This project is part of a funding package ($5.0 million add-on) provided by the Corps of Engineers headquarters to the Walla Walla District to comply with the language in a Senate conference report (Senate Report, 103-672,P7) describing desired work to be accomplished under the Lower Snake River Fish and Wildlife Compensation Plan. Funding for planning, engineering, conceptual design, NEPA, and construction has been secured from the COE in 1996. All O&M and monitoring and evaluation (M&E) funds for 1997 and beyond are expected to come from Bonneville Power Administration (BPA) as part of the National Marine Fisheries Service (NMFS) identified Draft Recovery Plan actions.

Biological results achieved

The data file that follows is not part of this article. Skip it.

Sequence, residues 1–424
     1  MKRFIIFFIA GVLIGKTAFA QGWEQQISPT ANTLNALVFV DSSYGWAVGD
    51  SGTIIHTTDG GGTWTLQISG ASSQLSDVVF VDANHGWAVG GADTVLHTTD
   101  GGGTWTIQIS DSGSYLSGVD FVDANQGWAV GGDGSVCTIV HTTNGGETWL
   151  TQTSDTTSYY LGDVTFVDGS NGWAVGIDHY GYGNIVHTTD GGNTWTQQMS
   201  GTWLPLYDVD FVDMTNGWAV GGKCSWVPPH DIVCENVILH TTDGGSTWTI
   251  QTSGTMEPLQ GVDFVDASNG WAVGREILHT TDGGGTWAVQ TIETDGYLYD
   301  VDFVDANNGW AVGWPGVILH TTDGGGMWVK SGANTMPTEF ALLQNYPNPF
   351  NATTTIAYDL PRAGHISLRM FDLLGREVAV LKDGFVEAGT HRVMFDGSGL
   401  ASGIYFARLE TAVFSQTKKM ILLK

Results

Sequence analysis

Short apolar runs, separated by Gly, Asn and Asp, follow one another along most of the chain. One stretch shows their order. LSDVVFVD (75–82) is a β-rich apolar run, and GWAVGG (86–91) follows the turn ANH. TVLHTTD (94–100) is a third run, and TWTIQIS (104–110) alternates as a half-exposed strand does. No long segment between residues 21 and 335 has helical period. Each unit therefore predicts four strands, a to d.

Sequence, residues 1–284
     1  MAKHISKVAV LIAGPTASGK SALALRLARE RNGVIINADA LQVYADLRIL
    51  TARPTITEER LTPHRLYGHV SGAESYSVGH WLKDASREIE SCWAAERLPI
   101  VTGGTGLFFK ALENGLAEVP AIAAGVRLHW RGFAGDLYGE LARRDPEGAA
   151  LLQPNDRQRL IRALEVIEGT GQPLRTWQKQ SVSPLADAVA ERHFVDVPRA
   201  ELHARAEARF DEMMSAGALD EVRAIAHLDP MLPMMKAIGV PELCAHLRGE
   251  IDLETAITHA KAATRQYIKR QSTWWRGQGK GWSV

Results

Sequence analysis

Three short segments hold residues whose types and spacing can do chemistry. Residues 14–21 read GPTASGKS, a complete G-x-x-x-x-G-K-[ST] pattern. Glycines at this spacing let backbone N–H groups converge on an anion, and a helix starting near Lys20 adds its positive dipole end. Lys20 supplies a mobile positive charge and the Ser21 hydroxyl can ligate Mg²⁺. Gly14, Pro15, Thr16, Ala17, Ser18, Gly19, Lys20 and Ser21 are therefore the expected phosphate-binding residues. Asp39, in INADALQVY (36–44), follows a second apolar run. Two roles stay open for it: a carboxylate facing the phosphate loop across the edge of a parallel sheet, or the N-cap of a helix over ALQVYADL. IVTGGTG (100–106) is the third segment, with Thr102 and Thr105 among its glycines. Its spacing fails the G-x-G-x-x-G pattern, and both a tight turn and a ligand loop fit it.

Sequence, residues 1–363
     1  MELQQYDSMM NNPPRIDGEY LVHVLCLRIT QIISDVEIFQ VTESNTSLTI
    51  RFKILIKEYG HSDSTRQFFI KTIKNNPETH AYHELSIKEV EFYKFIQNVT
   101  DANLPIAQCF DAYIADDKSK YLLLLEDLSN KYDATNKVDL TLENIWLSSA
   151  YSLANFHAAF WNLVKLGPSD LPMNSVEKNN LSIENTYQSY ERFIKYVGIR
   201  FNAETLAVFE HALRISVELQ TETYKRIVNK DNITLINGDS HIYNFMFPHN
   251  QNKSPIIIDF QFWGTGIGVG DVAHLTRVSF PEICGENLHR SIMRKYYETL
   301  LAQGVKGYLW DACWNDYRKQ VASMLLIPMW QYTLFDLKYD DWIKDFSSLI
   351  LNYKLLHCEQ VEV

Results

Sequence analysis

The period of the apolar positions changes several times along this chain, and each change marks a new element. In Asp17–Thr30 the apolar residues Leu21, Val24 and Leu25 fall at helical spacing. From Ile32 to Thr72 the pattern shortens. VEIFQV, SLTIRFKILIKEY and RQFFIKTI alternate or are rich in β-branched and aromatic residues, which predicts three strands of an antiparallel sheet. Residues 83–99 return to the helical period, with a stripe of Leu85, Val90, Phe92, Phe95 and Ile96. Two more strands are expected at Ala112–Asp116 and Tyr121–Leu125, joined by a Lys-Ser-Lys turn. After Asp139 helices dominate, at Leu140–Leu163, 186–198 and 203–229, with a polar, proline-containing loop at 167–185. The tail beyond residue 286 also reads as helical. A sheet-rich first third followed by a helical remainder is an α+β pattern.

Acclimation and release of yearling smolts from other LSRCP projects for the past 10 years has yielded higher adult return rates than direct (unacclimated) stream or subyearling releases. Natural production of fall chinook salmon has been severely limited. We expect increased outmigrant survival due to reduced pre-release stress, increased homing ability, increased adult survival and return and an increase in natural spawning at return location.

Annual reports and technical papers

Management implications
This project is designed to test the success of acclimation facilities and their contribution to increased adult returns and increases natural spawning. Through this and similar projects we hope to recover fall chinook salmon in the Snake River basin.

Specific measureable objectives
Increased smolt survival during outmigration, increased adult returns back to the release site and increased natural spawning measured through redd counts.

Testable hypothesis
Acclimation facilities located near optimal spawning habitat will increase smolt outmigrant survival, increase adult return rates and lead to increased natural spawning.

Underlying assumptions or critical constraints